Students graduate despite challenges

Youth & Careers

By ERIC PIET
Five students made their mark at the Asia-Pacific Institute of Social Economic and Technical Studies’ Apiasets) graduation on Friday.
They collected their diploma in education teaching certificates at Apiasets’ fourth graduation ceremony.
Pioneer graduates were Sauna Frank and Kessama Kidarga from Western, Vego Pandu from Eastern Highlands, Alfred Mara from Jiwaka and Honama Thomas from Chimbu.
Sauna, who was the leading awards recipient of the pioneer programme, said that it was not an easy feat having pursuing studies for the last three years.
He said one of the most-pressing challenges that they faced over the last three years was tuition fees, which forced most of the students to withdraw.
“Out of the many students, only five of us have made it through,” he said.
“Some have withdrawn because they couldn’t afford the tuition fees charged here.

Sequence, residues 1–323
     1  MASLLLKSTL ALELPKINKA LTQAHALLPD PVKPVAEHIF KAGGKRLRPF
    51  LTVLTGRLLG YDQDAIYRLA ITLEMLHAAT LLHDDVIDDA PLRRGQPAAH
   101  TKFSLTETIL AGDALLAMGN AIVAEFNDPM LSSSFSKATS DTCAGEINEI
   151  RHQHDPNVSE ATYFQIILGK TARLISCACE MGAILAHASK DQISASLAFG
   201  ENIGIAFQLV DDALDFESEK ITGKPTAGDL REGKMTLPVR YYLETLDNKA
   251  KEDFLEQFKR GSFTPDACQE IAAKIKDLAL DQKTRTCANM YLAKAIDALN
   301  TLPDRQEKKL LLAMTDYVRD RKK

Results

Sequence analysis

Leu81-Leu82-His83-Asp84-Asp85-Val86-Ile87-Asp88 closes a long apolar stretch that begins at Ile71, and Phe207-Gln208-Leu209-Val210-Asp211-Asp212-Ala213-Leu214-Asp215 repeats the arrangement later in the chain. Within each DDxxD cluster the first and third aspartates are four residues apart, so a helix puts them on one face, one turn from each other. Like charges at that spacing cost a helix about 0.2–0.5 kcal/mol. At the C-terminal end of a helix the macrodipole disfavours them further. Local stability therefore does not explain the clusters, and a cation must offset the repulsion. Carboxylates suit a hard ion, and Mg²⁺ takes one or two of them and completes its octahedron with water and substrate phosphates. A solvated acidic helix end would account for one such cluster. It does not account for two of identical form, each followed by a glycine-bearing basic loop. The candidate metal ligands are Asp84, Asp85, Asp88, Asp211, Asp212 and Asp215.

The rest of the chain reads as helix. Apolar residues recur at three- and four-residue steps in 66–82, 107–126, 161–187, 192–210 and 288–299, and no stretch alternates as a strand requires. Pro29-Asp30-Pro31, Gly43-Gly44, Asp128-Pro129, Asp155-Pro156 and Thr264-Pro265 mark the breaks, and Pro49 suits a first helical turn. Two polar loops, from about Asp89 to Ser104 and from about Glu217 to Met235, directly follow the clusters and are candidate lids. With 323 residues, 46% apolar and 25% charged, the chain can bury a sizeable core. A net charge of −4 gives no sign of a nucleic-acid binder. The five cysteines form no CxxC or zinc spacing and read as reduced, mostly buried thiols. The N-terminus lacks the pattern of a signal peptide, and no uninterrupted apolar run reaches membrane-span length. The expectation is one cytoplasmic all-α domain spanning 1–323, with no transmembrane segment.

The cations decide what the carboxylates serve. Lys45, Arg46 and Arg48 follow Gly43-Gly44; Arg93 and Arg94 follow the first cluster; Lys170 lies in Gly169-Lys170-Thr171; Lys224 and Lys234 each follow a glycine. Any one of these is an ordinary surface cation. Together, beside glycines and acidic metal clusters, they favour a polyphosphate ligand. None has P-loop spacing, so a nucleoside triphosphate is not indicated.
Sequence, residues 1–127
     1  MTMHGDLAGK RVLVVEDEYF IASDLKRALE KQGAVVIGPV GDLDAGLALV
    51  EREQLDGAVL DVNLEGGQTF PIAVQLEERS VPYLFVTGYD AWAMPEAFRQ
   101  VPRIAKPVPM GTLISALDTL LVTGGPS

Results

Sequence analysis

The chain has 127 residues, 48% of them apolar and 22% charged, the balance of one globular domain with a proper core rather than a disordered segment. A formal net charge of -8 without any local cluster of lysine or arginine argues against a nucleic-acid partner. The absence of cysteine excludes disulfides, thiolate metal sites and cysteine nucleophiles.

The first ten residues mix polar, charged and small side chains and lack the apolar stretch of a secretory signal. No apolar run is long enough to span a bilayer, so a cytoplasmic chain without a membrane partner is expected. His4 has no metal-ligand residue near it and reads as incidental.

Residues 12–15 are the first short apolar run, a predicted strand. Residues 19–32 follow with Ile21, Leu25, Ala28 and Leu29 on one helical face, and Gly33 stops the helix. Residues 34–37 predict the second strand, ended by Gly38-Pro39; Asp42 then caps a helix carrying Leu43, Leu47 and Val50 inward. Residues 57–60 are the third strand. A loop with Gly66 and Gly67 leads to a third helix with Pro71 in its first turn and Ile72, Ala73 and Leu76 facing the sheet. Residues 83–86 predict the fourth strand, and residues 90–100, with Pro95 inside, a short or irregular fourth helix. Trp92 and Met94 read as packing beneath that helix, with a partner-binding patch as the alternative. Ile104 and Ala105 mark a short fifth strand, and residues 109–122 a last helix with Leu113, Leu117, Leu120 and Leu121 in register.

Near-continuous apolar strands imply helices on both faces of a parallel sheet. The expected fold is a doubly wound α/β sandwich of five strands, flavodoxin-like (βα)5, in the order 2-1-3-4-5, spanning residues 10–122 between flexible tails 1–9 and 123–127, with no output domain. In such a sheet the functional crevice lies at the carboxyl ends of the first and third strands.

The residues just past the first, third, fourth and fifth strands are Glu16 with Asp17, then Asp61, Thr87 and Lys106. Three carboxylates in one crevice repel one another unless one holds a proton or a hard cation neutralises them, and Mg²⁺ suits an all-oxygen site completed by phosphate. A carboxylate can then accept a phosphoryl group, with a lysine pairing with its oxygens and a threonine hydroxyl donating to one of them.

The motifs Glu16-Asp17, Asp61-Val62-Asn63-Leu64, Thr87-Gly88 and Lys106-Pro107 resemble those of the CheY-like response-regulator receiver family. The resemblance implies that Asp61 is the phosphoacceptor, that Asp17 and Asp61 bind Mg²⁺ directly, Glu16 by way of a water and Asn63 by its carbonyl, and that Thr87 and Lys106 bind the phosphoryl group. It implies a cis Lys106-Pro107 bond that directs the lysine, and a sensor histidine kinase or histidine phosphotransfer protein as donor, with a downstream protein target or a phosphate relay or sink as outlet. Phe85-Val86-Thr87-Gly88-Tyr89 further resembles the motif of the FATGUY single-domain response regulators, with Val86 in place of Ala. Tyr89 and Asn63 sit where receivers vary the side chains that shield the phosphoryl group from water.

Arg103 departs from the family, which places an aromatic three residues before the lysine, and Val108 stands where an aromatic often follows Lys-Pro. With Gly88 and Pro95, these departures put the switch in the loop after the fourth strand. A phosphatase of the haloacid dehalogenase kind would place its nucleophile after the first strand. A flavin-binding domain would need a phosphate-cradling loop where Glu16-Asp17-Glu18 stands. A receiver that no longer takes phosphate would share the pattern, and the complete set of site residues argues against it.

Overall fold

“Others have cited non-registration of the institution as a reason to leave.
“Despite the high fees, the programmes taught here are just as those taught in other institutions.
“I am delighted that I have gained an equally-competitive and quality teaching knowledge.
“I am now prepared to impart my acquired knowledge to students after the PNG Teaching Services Commission admits me to become a teacher next year.”
Sauna said he intended to go back to any rural school in Western, but was also willing to be sent to any part of PNG.
Mara is eyeing remote parts of Central to take up his first teaching post.
“Being a graduate who has done it through a second chance from Apiasets, I want to thank director Thomas Phillar for giving many of us a chance to achieve our dreams after being pushed out by the education system.
“I am very happy because Apiasets is now a Government-recognised institution and my efforts in attaining a diploma have not been in vain.”

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